If files were corrupted out of the blue, an external drive you usually connect to the Mac doesn’t operate properly, or your computer doesn’t boot, then it’s time to check the health of your hard disk using Disk Utility via the S.M.A.R.T. status that a lot of disk drives include. This is a feature that lets a disk drive test itself for potential problems.
What is SMART Status?
S.M.A.R.T., also written as SMART, is the acronym for Self-Monitoring, Analysis and Reporting Technology. It is a hard drive and flash disk monitoring system that tracks indicators of drive reliability and informs the user about them, allowing enough time for data backup if needed. The disk health monitoring technology was standardized by the Small Form Factor (SFF) committee in the mid-90s, based on technology developed by computer manufacturer Compaq and disk drive makers Seagate, Quantum and Conner.
The most basic information S.M.A.R.T. provides is the S.M.A.R.T. status, which includes two values, “disk OK” or “disk drive fail”, which are based on the values “threshold not exceeded” and “threshold exceeded”. More information about the drive’s health can be obtained by examining the S.M.A.R.T. attributes, which monitor a variety of metrics such as read error rate, disk surface error rate, spin-up time, data throughput, write-head stability, and spin-up retries, among many other options.
Each attribute has an absolute value (raw) defined by the manufacturer and a normalized value on a scale of 100 to 1 or 200 to 1. When operational, the drive monitors how often these metrics hit a warning threshold. If that happens repeatedly or for prolonged periods of time, the user will receive a warning message that the S.M.A.R.T. monitoring has detected an error that needs to be addressed. When a Mac optimization app or Disk Utility notifies you about S.M.A.R.T. errors, it likely means the hard drive is going to fail sometime soon – which could be anywhere between hours or even weeks. Unsuccessful attempts to repair the startup disk using Disk Utility will ultimately lead to a new HDD or SSD purchase.
How to Check S.M.A.R.T. Status on Your Mac?
The S.M.A.R.T. status of the built-in hard drive, SSD or external disk volumes can be checked by launching Disk Utility and clicking on the disk listed in the left pane of the window. The status displayed by Disk Utility will be one of the following:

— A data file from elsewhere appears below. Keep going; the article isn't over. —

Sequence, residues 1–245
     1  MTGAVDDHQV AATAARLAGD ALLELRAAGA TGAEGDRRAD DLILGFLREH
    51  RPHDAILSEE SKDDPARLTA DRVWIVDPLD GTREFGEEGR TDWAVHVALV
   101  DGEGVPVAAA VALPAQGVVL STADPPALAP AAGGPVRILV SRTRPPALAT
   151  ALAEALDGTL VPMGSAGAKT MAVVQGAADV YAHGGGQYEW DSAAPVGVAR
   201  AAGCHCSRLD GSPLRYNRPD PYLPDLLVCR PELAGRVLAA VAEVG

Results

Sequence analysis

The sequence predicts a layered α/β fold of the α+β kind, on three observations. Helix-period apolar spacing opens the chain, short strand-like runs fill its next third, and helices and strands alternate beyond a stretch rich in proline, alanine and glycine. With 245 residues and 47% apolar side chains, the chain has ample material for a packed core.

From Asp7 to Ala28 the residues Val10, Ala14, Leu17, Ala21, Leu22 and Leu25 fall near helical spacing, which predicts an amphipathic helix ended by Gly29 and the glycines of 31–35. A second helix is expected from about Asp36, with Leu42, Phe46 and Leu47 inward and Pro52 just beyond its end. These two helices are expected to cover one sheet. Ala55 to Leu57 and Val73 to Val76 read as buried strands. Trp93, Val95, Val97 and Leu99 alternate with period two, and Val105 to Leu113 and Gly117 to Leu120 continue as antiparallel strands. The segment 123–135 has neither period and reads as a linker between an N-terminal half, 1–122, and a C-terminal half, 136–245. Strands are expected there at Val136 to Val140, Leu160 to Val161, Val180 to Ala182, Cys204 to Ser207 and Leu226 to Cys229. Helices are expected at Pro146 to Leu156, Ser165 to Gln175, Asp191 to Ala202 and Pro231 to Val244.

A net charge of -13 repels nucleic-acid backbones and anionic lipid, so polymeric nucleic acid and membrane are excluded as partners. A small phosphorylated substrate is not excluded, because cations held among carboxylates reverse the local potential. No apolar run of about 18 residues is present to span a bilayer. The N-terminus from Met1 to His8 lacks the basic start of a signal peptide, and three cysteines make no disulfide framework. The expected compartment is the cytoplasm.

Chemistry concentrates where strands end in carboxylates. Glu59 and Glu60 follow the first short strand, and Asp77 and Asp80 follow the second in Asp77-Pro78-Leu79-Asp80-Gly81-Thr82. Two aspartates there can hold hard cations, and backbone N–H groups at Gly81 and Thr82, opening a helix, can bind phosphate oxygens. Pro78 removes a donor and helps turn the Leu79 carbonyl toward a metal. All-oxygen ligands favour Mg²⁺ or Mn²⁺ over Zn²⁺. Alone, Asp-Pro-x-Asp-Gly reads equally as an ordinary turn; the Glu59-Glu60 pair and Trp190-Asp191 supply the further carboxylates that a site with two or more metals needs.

- Verified: Your disk has been checked and is likely healthy.
- Not supported: A message displayed on 2015 and newer MacBooks, and late-2016 and newer MacBook Pros.
- About to fail: The drive you are checking has failed some of the regular tests, which indicates a likely failure. If you are going continue to use the disk as your startup drive, the best thing to do is to back up the data and replace the drive with a new one immediately. If this isn’t your startup drive, you may accept the changes and do some troubleshooting. For example, try to repair the drive with Disk Utility or erase and format the disk. If the problem was minor, the hard drive will likely be restored to its former health.
S.M.A.R.T. Not Supported
While the “S.M.A.R.T. Not Supported” status appears regularly when checking external hard drives, owners of the MacBook Pro (late 2016) will also get this message when checking the status of the built-in SSD. The reason is because Apple dropped support for S.M.A.R.T. status starting with the 2015 MacBook as it switched to PCIe solid state drives.
PCIe SSDs don’t support S.M.A.R.T. because Apple considers this subsystem obsolete. In a support document initiated by an early 2017 MacBook Pro owner asking the community for answers regarding the lack of support for S.M.A.R.T., the Apple-recommended answer to the question was that S.M.A.R.T. status is for rotating mechanical drives.
That doesn’t prevent SSD manufacturers such as Intel or Samsung supporting S.M.A.R.T. on their products, however, so if you replace the old HDD with an SSD then in all likelihood it will be possible to check the S.M.A.R.T. status of the startup disk. It remains to be seen, though, what methods Apple will use to check the health of a PCIe SSD and how it intends to inform the user if the drive is about to fail.
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